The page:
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Individuals at Risk

    March 02, 2017

    By Kathy Price, Honduras Campaigner with Amnesty International Canada

    It is one year since beloved water defender Berta Cáceres was gunned down in Honduras and a vital moment for renewed action from Canada, amidst ongoing deadly violence in the Central American country.

    On March 2, 2016, shortly before midnight, assassins entered the home of inspirational Indigenous leader Berta Cáceres and shot her.

    It should never have been allowed to happen. Berta had warned that her name was on a hit list and reported dozens of death threats against her. They coincided with her efforts to stop construction of the Agua Zarca hydro electric project out of concern for its impacts on the water and lands of Indigenous communities.

    Recognizing the danger, the Inter-American Commission on Human Rights called on Honduras to protect Berta. The call fell on deaf ears.

    September 12, 2016

    Governments are cumbersome things. They move slowly, creaking along, often indifferent to protests from their own people.

    But that’s why your words are so important.

    Governments can’t ignore international pressure. When we speak out together with people from around the world, governments hear us loud and clear. When thousands of us shine a light on human rights abuses with our letters, emails, petitions and tweets, governments have to pay attention.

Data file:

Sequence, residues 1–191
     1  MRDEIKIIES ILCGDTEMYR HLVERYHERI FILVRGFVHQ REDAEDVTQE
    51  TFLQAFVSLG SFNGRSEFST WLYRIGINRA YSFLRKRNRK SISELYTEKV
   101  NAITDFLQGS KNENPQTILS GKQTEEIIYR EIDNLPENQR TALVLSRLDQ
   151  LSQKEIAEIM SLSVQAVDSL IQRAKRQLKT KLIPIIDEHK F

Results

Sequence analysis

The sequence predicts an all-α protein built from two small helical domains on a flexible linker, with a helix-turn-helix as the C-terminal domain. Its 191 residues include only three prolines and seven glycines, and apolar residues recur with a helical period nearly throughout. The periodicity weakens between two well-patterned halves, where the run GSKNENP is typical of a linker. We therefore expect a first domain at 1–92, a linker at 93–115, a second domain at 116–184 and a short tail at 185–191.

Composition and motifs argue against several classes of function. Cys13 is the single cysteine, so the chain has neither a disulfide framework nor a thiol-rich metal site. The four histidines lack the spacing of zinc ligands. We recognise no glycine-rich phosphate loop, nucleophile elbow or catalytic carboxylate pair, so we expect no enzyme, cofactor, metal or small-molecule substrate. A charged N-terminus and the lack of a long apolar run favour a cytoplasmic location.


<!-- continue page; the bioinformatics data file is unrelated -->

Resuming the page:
As summer draws to an end, we look back at 10 people who have walked free over the past few months because of your words. Each victory represents not just a life changed, but a community and family reunited, and another step towards the world we want to build. 

      1. Ildefonso Zamora

    September 02, 2016

    By Erika Guevara-Rosas

    Chills ran down Tomás Gómez Membreño’s spine when he first heard about the brutal murder of his renowned friend and ally, the Honduran Indigenous leader Berta Cáceres, six months ago this week.

    A fellow environmental activist and second in command at the Popular and Indigenous Organizations of Honduras (COPINH), Tomás feared he would be next.

    Berta’s work was widely and globally acclaimed and had earned her international awards - if someone could violate the sanctuary of her home and shoot her dead, it was too frightening to contemplate what could happen to any of the country’s lesser-known human rights defenders.

    Tomás also knew the hopes to have a proper investigation and to ensure the crimes against human rights defenders would not be repeated again were slim, in a country where authorities rarely condone attacks on activists.

    Tragically, he has a point.

    Six months after two armed men walked into Berta’s home one evening and murdered her in cold blood, Honduras has become a no-go zone for anybody daring to protect natural resources such as land and water from powerful economic interests.

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